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Study: Weight-Loss Surgery Alters Sense Of Taste, Smell

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(credit: Adam Berry/Getty Images)

(credit: Adam Berry/Getty Images)

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ATLANTA (CBS Atlanta) – According to a recent study, many patients have changes in their appetite, taste, and smell after weight-loss surgery.

These changes may lead to at least one positive thing and that is even more weight loss.

Researchers analyzed data from 103 British patients who underwent Rouz-en Y gastric bypass surgery.

HealthDay reports that 97 percent said their appetite changed after the surgery, while 42 percent said their sense of smell changed.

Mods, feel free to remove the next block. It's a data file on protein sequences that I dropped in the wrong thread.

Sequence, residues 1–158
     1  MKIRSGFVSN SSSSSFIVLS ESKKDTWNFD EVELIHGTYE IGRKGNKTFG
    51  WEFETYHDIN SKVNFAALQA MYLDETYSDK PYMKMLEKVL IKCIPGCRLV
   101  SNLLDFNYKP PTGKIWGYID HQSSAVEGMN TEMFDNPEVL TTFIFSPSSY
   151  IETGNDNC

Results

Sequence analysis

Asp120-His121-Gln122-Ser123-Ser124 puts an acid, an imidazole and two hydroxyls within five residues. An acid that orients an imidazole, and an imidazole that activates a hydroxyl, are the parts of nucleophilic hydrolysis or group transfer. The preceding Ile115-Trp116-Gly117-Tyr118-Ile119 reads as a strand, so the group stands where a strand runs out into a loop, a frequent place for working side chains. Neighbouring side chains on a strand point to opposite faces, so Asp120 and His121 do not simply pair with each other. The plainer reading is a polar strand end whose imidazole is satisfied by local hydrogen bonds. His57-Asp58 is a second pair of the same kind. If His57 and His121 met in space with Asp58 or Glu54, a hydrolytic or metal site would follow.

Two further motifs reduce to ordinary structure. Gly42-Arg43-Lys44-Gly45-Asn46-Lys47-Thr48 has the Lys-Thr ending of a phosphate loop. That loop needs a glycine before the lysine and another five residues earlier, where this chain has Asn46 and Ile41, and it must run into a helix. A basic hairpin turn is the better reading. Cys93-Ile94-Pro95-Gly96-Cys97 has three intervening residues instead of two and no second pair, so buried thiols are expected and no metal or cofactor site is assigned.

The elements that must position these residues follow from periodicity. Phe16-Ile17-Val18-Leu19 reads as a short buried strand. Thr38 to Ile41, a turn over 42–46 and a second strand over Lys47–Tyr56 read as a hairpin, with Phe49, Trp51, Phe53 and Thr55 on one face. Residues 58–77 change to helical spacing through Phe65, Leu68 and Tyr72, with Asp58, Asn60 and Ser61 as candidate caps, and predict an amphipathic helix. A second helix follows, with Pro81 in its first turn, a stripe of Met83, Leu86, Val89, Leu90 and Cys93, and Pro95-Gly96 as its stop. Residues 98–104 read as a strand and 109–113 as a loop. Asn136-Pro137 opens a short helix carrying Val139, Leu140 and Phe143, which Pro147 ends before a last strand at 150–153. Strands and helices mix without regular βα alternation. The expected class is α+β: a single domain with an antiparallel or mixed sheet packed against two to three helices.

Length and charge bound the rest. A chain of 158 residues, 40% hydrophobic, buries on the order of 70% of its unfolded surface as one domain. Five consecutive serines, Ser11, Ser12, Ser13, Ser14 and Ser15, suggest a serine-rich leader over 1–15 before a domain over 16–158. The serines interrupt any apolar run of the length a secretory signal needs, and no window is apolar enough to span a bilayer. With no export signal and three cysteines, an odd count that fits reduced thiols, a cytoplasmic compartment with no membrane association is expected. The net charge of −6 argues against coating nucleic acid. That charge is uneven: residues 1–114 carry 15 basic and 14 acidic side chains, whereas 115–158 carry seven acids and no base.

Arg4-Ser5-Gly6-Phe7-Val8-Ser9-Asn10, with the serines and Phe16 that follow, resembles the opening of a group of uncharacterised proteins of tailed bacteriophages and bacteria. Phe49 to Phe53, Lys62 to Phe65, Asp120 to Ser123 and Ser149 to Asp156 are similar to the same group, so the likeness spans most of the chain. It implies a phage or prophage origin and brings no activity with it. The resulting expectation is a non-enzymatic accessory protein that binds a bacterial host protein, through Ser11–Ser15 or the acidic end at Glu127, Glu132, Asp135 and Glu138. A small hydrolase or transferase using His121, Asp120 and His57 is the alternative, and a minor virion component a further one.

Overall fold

Researchers noted that 73 percent of the patients had changes to their sense of taste.

Some patients reported a newly developed dislike for certain foods. The patients that did develop a new dislike lost an average of 18 more pounds than those who did not, according to HealthDay.

The study only found an association between weight-loss surgery and sensory changes. It did not establish a cause-and-effect.

Lisa Graham, lead author on the study, told HealthDay that the sensory changes after weight-loss surgery may be due to a combination of gut hormone and central nervous system effects.

Graham went on to say that a doctor will warn a patient of the risks of loss of taste and smell when they consider a weight-loss operation.

The Centers for Disease Control and Prevention report that more than one-third of U.S. adults are obese.

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